#1 It's not about power, but finesse: I'll be honest. This one annoys me to no end. I am used to playing sports where power and strength mean a lot. (Football, jiu jitsu, wrestling, rock climbing and so on). However, in tennis, strength means nothing. I am a semi-strong dude (if compared to a baby panda) and the harder I hit the tennis ball, the more I miss the shot. This relates very well to trading. Trading is one of the jobs or careers where your physical passion, strength or prowess means very little. If you own your own landscaping company for example, the harder you work, the more money you usually make. The more yards you cut, the better you're doing. Not in trading. It's entirely mental flexibility and discipline. You can press the keys on your keyboard as hard as you want. Slam your mouse, yell at the computer, work 20 hours a day, but if your mind isn't right, neither will your trades be.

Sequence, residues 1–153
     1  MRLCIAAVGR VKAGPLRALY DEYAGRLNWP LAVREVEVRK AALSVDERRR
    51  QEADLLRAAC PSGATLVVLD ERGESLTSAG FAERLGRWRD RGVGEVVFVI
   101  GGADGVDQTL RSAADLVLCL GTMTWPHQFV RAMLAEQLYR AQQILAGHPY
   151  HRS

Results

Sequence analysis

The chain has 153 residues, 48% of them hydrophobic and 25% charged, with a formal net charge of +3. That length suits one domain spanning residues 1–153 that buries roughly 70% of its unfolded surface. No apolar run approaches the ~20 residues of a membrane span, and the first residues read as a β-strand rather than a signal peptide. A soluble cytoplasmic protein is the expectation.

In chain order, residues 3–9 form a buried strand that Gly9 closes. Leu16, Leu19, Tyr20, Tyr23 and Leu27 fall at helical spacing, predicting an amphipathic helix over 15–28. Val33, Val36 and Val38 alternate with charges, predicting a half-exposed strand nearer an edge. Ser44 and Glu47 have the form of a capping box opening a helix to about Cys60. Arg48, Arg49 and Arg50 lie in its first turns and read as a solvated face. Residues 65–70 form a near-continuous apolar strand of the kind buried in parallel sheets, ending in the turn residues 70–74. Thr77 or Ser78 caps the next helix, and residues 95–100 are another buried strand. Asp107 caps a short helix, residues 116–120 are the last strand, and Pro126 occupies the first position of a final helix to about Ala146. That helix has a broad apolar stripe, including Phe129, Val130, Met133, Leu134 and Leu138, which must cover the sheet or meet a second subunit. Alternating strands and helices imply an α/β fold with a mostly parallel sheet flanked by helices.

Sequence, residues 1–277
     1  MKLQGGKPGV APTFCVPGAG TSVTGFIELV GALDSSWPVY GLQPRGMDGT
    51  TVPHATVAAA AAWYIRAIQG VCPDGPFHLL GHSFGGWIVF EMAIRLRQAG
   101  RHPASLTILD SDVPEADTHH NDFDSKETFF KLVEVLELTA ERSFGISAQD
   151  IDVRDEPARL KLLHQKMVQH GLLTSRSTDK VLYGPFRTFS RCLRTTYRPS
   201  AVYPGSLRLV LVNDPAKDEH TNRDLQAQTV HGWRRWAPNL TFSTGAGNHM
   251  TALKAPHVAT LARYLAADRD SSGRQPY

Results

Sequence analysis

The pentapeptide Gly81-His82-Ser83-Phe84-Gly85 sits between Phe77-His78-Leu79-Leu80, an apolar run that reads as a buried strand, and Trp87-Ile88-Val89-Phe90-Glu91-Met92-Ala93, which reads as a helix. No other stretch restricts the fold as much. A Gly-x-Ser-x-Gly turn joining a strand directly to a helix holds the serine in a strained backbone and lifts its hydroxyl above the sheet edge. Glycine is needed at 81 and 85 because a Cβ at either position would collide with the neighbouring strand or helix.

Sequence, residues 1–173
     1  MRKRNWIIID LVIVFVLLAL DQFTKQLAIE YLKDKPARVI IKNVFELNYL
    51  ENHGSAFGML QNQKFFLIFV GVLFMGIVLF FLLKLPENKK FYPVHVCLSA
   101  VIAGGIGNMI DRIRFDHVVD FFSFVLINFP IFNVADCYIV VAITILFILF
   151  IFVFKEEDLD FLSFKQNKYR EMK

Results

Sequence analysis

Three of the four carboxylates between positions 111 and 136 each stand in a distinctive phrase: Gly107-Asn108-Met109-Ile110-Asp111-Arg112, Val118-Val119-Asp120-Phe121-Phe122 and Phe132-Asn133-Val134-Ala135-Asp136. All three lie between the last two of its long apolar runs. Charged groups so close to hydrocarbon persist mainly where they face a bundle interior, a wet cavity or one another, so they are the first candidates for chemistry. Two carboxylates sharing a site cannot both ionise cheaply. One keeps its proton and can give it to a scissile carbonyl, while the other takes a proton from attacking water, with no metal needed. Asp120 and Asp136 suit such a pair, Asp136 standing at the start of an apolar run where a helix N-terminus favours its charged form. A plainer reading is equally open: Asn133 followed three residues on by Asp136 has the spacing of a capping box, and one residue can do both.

#2 Angles are very important: Well, in tennis, it's kind of obvious. You want to hit the ball away from your opponent. You want to create angles, which make it difficult for them to return the hit. In trading, my suggestion is learn at least two hours' worth of technical analysis. Learn support and resistance, long term moving averages and trend lines. Buying purely off of fundamental analysis, in my opinion, is like playing tennis with one shoe. Why? Just put both shoes on and play ball…